On the final day of the just-concluded 2024 session, the legislature passed House Bill 829 amending the medical cannabis law to expedite the process of licensing cannabis businesses. This change allows the Cabinet for Health and Family Services (Cabinet) Medical Cannabis Program to begin issuing licenses to those businesses this year rather than waiting until January so that operations and products can be developed. Cannabis dispensaries will still not be allowed to open to the public or dispense cannabis until Jan. 1, 2025.


Types of cannabis businesses

According to the Cabinet, a cannabis business license can be for one of the following:

  • Cultivator – responsible for planting, raising, harvesting, trimming and curing raw plant material in an indoor facility.
  • Processor – responsible for processing and packaging raw plant material into usable product formats. Current state law does not allow these products to be smokable.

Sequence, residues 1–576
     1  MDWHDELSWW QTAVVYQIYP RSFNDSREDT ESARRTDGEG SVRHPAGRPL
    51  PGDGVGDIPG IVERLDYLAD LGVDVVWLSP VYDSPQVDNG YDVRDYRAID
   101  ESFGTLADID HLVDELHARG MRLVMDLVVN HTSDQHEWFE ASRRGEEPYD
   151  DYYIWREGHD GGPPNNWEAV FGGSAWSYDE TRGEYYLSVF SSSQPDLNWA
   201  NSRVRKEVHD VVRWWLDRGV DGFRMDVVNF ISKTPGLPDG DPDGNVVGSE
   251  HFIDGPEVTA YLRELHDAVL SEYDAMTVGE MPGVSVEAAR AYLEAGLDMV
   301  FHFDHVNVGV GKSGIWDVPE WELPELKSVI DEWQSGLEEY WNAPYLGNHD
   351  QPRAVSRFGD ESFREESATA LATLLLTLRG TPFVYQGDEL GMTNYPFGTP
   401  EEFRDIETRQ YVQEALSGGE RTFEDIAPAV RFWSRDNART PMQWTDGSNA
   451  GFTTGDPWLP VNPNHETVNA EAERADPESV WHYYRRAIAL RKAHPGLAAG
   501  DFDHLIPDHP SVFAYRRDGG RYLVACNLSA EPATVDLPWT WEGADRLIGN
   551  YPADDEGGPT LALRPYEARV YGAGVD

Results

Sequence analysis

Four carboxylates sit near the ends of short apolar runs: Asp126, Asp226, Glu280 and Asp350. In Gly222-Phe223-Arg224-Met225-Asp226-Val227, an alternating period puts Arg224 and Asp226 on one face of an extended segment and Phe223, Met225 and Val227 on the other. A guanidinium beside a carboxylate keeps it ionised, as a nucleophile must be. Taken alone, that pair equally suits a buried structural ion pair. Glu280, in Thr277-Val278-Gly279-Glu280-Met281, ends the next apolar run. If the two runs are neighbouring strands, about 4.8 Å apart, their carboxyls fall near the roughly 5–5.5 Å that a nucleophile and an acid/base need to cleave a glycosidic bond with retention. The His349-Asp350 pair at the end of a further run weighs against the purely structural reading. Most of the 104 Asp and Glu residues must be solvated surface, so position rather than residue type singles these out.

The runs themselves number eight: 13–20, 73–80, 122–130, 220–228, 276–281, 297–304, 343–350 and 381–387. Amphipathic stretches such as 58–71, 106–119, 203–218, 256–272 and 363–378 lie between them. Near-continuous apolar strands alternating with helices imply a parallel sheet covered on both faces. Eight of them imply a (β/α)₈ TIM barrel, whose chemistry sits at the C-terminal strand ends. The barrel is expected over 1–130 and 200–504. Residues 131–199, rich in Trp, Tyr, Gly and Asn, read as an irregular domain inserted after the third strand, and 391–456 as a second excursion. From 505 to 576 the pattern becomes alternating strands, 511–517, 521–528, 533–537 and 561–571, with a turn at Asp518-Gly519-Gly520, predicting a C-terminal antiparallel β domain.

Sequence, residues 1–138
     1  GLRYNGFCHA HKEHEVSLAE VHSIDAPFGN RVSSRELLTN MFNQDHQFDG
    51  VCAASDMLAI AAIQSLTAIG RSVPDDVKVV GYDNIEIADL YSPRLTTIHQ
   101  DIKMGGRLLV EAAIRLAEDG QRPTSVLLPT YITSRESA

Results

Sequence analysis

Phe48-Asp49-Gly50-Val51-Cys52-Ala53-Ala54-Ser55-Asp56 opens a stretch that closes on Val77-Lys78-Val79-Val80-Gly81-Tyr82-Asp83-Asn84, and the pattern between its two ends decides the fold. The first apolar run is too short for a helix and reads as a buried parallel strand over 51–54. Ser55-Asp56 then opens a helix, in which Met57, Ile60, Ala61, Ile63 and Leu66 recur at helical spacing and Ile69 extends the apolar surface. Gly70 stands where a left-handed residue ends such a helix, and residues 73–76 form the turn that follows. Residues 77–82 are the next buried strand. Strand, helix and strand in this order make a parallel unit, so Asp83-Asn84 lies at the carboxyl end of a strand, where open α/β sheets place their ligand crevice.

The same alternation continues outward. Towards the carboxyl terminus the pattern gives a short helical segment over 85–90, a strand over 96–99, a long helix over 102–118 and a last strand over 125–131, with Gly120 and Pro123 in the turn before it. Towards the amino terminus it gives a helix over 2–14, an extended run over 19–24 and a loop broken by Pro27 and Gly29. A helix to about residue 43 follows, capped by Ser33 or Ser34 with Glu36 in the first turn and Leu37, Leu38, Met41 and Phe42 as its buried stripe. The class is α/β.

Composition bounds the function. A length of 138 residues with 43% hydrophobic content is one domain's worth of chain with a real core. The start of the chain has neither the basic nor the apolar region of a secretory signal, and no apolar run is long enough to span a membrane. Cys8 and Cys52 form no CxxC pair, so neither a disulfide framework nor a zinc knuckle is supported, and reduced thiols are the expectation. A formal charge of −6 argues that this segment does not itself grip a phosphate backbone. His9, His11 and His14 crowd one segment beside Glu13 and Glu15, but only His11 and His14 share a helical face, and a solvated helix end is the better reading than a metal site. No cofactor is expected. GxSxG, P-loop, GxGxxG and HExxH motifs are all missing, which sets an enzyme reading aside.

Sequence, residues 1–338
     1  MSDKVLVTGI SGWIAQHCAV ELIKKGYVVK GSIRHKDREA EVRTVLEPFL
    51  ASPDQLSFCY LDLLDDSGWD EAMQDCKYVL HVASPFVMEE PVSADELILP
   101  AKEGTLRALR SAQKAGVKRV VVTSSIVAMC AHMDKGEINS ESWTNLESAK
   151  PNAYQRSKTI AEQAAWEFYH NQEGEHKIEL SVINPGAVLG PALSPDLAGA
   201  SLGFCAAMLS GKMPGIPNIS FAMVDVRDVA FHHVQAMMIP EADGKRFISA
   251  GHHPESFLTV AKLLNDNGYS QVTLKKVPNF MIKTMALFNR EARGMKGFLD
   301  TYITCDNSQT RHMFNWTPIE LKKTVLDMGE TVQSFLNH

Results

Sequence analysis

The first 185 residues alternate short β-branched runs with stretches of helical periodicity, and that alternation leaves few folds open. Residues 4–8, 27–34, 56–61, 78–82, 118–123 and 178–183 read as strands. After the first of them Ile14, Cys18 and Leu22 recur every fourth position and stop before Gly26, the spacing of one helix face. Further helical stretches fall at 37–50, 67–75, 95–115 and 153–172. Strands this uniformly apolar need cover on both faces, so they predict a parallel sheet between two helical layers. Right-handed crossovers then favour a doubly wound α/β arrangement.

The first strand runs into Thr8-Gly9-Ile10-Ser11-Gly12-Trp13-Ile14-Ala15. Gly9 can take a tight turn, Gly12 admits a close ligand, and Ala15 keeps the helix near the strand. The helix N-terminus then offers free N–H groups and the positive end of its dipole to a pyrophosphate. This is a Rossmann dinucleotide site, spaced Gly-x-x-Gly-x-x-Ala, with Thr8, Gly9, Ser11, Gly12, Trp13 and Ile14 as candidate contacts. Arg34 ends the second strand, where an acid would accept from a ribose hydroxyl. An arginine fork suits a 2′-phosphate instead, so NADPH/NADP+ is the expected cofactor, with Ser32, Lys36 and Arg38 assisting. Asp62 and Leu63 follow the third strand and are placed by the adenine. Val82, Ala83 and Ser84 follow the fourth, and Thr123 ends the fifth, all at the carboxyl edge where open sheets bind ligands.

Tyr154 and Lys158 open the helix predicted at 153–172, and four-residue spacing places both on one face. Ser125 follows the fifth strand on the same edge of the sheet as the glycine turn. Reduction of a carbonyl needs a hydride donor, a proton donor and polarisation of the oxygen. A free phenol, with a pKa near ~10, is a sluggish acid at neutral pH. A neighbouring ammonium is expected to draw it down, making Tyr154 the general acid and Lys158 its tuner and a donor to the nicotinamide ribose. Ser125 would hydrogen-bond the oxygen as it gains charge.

• Producer* – responsible for both growing and processing raw plant material. (The Cabinet is not accepting applications for this license type at this time.)
  • Safety compliance facility – responsible for contamination and purity testing.
  • Dispensary – responsible for purchasing and selling finished products to medical cannabis cardholders. 


Key dates

As amended by HB 829, state law allows the Cabinet to issue licenses for cannabis operations effective July 1, 2024.